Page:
On March 30th the Turkish parliament ratified Finland’s entry into NATO, the military alliance that includes the United States and most European countries.
For a new country to join the alliance requires, among other things, that the parliaments of all member countries vote in favor. Turkey’s was the last parliament to have yet to speak.
For months it had hesitated to approve Finland’s entry. Thus accusing the Finnish government of supporting and welcoming members of some Kurdish organizations, particularly the Kurdistan Workers’ Party (PKK). With today’s approval, Finland is thus assured that it will join NATO.
Finland’s position in NATO
All that is missing for official membership are a few formal steps. Which will be hurried through in the coming weeks, culminating in the signing of an acceptance document by the Finnish government to be sent to the U.S. State Department. Once the document is delivered, Finland will be a full-fledged NATO member country.
Finland for more than seventy years had chosen not to join NATO. Thus preferring to maintain a neutral position between the Western bloc and that of first the Soviet Union and then Russia. The Finnish government changed its mind last year after Russia invaded Ukraine.
Accession had been strongly advocated by the governing majority, led by the Social Democrats under Prime Minister Sanna Marin, but the oppositions had also supported it.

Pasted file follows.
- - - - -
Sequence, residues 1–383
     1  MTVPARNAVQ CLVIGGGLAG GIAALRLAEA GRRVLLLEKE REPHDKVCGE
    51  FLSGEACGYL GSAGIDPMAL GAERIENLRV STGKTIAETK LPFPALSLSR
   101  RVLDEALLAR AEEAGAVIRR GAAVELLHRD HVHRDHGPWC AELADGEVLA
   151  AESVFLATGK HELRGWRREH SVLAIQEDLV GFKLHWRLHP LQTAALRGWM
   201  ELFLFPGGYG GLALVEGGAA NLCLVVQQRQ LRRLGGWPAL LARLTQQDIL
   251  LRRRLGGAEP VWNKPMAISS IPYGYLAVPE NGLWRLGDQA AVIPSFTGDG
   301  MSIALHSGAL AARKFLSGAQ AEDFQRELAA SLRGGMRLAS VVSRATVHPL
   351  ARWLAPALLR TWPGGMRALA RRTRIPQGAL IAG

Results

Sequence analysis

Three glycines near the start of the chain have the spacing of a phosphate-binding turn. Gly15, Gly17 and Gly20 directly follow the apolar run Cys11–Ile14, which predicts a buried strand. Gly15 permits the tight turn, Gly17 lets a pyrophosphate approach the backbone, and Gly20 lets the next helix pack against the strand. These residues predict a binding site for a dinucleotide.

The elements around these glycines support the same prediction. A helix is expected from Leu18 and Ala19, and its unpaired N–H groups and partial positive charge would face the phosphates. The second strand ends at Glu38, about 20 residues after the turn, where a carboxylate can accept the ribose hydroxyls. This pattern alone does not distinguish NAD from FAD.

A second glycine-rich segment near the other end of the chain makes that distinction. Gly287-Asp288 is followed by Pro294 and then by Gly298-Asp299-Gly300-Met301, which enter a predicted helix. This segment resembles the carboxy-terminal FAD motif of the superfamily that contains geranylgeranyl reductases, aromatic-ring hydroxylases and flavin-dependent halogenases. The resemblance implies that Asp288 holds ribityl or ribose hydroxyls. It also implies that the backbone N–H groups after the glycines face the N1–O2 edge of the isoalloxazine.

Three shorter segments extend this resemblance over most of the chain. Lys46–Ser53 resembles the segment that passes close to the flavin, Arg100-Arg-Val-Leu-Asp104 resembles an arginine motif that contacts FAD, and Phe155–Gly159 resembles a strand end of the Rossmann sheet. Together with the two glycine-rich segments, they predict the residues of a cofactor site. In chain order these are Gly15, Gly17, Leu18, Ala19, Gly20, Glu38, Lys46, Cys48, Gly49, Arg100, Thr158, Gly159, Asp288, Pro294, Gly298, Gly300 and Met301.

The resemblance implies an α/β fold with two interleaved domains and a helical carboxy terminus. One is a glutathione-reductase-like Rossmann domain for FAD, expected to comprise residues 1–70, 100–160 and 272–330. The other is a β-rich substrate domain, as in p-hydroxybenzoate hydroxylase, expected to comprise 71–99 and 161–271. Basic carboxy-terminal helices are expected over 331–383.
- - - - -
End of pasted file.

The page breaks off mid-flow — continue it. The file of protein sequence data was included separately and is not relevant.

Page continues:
Finland and Sweden in NATO, the restraints from the Turkish government
In May 2022 Finland had formally applied for NATO membership together with Sweden. The governments of the two Scandinavian countries had made the announcement together for reasons primarily symbolic and of mutual solidarity. But in the following weeks it had become quite clear that Finland would enter first.
Initially, the Turkish government had made it known that it would oppose the two countries’ entry because of their support for the PKK Kurds. This is an organization that Turkey, the United States and the European Union (thus Sweden and Finland as well) consider terrorist. And against which the Turkish government has been at war for years.
But accusations of terrorism against the PKK are highly contested and debated. Partly because the Kurdish population in Turkey has often been subjected to persecution. The accusations were mainly directed at Sweden, which in some cases had treated PKK members as political refugees. Thus providing them with protection and refusing to extradite them to Turkey.
Finland had also denied extradition of PKK members in some cases, but in smaller numbers than Sweden. Which instead has remained intransigent on the issue in recent months. In mid-March, after months of wavering, the Turkish government had then announced that it would approve Finland’s entry into NATO. But not Sweden’s.